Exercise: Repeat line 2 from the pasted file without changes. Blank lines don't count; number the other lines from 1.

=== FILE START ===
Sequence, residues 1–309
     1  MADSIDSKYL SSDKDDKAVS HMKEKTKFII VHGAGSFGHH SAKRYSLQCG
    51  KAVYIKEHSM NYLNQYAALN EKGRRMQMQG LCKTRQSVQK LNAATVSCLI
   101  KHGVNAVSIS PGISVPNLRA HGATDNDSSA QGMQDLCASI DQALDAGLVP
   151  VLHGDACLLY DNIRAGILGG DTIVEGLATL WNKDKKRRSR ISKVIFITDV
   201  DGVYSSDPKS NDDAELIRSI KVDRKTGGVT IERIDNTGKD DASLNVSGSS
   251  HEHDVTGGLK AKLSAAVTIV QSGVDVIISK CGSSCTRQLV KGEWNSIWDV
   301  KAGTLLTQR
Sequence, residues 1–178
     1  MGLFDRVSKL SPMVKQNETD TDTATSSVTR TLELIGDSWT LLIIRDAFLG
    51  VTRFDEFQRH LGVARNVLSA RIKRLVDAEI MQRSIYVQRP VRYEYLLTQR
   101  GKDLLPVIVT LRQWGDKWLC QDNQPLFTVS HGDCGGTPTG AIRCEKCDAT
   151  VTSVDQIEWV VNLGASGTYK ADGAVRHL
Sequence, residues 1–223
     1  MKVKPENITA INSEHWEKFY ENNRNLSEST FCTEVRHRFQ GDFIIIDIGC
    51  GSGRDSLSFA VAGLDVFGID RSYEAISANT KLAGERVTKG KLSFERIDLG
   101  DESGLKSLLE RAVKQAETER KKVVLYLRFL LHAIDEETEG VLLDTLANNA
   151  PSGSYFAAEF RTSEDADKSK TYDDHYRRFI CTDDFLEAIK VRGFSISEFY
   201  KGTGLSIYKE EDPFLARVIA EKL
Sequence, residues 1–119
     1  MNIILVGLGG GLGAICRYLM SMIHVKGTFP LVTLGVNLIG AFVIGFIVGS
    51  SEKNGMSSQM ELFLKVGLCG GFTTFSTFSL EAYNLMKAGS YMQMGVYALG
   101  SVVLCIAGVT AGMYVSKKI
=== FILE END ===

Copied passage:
     1  MADSIDSKYL SSDKDDKAVS HMKEKTKFII VHGAGSFGHH SAKRYSLQCG